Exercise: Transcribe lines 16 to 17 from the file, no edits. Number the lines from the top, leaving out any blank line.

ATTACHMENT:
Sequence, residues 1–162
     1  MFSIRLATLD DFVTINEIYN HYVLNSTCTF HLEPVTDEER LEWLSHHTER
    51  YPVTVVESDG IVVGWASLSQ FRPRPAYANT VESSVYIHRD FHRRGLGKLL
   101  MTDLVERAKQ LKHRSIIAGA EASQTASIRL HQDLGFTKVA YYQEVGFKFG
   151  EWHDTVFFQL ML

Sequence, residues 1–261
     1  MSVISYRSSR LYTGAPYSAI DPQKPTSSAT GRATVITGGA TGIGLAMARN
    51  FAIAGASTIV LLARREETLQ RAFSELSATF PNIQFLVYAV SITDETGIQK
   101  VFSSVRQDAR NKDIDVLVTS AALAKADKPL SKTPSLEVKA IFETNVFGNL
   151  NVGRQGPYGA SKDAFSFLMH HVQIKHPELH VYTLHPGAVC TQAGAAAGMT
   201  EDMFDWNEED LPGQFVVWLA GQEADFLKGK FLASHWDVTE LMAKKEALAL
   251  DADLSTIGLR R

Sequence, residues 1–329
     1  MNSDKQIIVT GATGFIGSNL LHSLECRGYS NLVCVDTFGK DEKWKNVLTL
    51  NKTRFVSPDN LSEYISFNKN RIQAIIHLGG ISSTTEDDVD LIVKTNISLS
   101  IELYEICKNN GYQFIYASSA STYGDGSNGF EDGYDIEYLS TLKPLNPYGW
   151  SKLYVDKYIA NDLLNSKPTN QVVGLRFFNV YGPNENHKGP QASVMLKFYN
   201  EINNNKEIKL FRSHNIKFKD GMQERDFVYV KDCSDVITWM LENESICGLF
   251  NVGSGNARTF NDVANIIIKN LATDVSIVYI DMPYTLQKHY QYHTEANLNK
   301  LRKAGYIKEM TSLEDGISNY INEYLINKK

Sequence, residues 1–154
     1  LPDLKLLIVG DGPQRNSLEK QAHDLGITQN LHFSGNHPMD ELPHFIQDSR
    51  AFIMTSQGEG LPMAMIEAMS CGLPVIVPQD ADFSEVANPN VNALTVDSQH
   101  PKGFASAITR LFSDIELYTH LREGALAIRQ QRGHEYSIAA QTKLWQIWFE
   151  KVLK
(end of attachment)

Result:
   101  IELYEICKNN GYQFIYASSA STYGDGSNGF EDGYDIEYLS TLKPLNPYGW
   151  SKLYVDKYIA NDLLNSKPTN QVVGLRFFNV YGPNENHKGP QASVMLKFYN